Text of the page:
Once the train arrived, we headed straight up to Machu Picchu so we could spend some time there before it closed. We had two guides, both of whom grew up in the area, so the group was split into two small groups of about 5 people each for our guides tour.
At the entry way to Machu Picchu. In Quechua, Machu Picchu mean 'old person'. It is often referred to as the "Lost City of the Incas" and was built around 1450, yet it was abandoned only 100 years later following the conquest by the Spanish. It was unknown to the outside world until 1926, when it was discovered by American Historian, Hiram Bingham. Today it is one of the most visited historical sites in the world and is the most familiar icon of the Incan empire. Since this site was never plundered by the Spanish, it is considered to be highly significant as a relatively intact cultural site.
It was not unusual to see alpaca's grazing along the terraces.
Looming above the main site, this building was thought to be a lookout. From this location anyone coming down from the Sun Gate could be seen, plus you can see the entire layout of the city.
Looking down into the Temple of the Sun. Visitors are no longer allowed inside due to damage.
These terraces were the farming area for those living in Machu Picchu. There are differing theories on the purpose of why Machu Picchu was built. Most prominent is the belief this was a royal retreat for Inca Emporer Pachacuti. The second most popular belief says this was built to honor a sacred landscape. It was built on top of a mountain, completely encircled by the Urubamba River, which mean Sacred River. They now believe only about 800 people lived here permanently, although more ruins are being found in the outlying areas and nearby all the time.
The Inti Watana Stone is also known as the astronomical clock or calendar of the Incas. The stones are designed to point directly at the sun during winter solstice.
Unlike the steps built for the millions of tourists who visit annually, these rock protrusions show how the Incas moved from one level to the next.
Next to Machu Picchu is the mountain known as Huaynapicchu or young mountain. Rising almost 1000 feet above Machu Picchu, the Incas built trails to the top where they built temples and terraces. The Temple of the Moon is located on the back side of this mountain. Today if you want to hike the trail to the Temple of the Moon or just want to visit the ruins on top, a special ticket is required and must be reserved months in advance. They now only allow 400 people a day on this trail.
Looking back across the ruins you can see the trail to the Gate of the Sun.
From the residential area of Machu Picchu, looking down to the Urubamba River. Although not completely excavated, it is believed these terraces extend all the way to the river.
As dusk was coming on the chinchillas started coming out.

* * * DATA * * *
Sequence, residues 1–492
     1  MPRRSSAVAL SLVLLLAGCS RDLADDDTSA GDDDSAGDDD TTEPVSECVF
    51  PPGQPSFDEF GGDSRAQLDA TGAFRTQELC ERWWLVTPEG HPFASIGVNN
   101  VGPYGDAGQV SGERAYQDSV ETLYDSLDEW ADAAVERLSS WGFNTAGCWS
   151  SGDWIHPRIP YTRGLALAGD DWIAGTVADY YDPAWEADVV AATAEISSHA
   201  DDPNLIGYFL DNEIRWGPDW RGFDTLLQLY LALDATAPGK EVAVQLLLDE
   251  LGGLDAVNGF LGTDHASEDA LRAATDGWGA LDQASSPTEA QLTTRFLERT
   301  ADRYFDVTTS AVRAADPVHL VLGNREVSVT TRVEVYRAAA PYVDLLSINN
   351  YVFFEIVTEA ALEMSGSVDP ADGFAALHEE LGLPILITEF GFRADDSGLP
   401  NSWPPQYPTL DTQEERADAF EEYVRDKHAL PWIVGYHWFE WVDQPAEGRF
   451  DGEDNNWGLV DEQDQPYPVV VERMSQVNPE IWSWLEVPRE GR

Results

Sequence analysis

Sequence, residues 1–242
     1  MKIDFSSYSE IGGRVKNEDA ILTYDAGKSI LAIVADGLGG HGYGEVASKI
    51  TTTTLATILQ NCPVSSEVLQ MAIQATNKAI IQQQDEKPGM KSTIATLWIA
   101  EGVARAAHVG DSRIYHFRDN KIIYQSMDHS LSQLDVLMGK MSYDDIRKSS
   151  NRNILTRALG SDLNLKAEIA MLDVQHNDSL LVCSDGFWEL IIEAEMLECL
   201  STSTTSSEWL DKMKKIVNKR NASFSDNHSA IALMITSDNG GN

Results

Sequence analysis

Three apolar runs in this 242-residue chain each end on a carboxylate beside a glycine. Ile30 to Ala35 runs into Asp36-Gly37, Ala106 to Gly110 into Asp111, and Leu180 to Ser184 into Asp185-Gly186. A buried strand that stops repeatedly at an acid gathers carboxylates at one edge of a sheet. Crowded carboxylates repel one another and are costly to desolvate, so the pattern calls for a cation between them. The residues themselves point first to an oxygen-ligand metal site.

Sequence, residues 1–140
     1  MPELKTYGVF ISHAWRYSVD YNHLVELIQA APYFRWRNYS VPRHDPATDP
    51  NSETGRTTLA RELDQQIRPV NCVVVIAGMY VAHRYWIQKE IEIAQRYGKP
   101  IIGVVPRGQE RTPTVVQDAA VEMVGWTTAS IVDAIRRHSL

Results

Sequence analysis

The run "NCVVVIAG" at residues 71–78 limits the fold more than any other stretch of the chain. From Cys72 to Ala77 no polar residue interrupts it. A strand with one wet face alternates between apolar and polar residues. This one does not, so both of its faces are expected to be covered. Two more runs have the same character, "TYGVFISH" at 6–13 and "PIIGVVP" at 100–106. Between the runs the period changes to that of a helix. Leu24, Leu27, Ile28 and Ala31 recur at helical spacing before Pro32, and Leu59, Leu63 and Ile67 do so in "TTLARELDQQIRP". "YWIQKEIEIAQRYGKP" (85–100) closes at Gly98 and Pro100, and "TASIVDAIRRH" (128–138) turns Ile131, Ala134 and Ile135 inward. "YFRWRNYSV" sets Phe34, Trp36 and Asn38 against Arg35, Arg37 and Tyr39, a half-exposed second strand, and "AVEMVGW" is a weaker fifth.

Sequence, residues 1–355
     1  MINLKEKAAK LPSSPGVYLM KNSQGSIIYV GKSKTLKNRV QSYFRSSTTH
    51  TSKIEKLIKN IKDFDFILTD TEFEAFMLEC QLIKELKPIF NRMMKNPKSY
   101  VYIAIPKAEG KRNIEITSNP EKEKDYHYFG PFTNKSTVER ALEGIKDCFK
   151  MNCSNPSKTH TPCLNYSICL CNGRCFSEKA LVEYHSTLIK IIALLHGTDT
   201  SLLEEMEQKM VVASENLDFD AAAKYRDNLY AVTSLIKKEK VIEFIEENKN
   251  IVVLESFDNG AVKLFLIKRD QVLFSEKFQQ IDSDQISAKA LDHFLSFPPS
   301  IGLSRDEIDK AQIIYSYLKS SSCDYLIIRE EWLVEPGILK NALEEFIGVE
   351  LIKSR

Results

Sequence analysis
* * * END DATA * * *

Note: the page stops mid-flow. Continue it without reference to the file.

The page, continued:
Temple of the Condor.
One of about 14 fountains found in the ruins.
Inti Mach'ay, a special cave, located below the Temple of the Sun, which is believed to be a part of the Royal Feast of the Sun. Associated during the December solstice, it was celebrated only by nobility.
In a garden area within the ruins they have numerous species of local plants. The coca plant is a cash crop in Peru. You can find candies, teas and other items which are made from the coca plant. It is also the plant from which cocaine is derived, although to get cocaine they use solvents and a chemical process. Coca leaves and coca tea is readily available in Cusco and the Cusco Valley, including Machu Picchu. It is known to help with altitude sickness and is used to alleviate pain and fatigue. Chewing the leaves or drinking the tea does not produce any euphoric effects like cocaine. Visitors are encouraged to drink the tea to help with altitude sickness. It is illegal to bring the teas or candies back to the U.S. The original formula for coca-cola included coca leaf extract, but this was discontinued in the 1920s. Today, one pharmecutical company is licensed to import coca leaves for the medicinal production of cocaine and to make a cocaine free extract which is used for the production of coca-cola.
Since we only had a few hours to explore the ruins, we had the opportunity to return the next morning before heading back to Cusco on an afternoon train.
The cloud covered Andes on the way up to Machu Picchu.
One of my reasons for returning to the ruins was for the opportunity to hike to the Gate of the Sun or Inti Punku. The Gate of the Sun was just one of six trails leading into Machu Picchu. Today, this is the entryway for those who hike the Inca Trail.
About 3/4 of the way up is a resting area. The original Inca trail runs about 80 miles all the way to Cusco. They had these resting areas about every 6-10 miles. It is surmised they Inca had the first pony express without the pony. They had runners to take messages and these runners handed over their message at these resting areas.
At the Gate of the Sun, overlooking Machu Picchu. From Machu Picchu the trail is about 1 1/2 miles long with an elevation of 1000 feet.
The clouds lifted just as we started the climb back down, so I was able to get a great shot of Machu Picchu.
Several of us made the trip up and back with enough time to also hike to the Inca Bridge.
You actually have to sign in and out as you start the trail. The bridge is a 20 foot gap in the stone trail alongside the mountain, with a 1900 foot drop below. It is bridged by several tree trunks which could be removed, making the trail impassable to outsiders.
This is as far as they allow you to go.
I think this is why they make you sign in and out. It is a narrow stone trail and this section now has a wire cable to hold onto. I guess if someone doesn't sign back out they go looking at the bottom to see if they fell. It is over a 1000 foot sheer drop off to the Urubamba River.
Machu Picchu, another check on my bucket list. What an experience.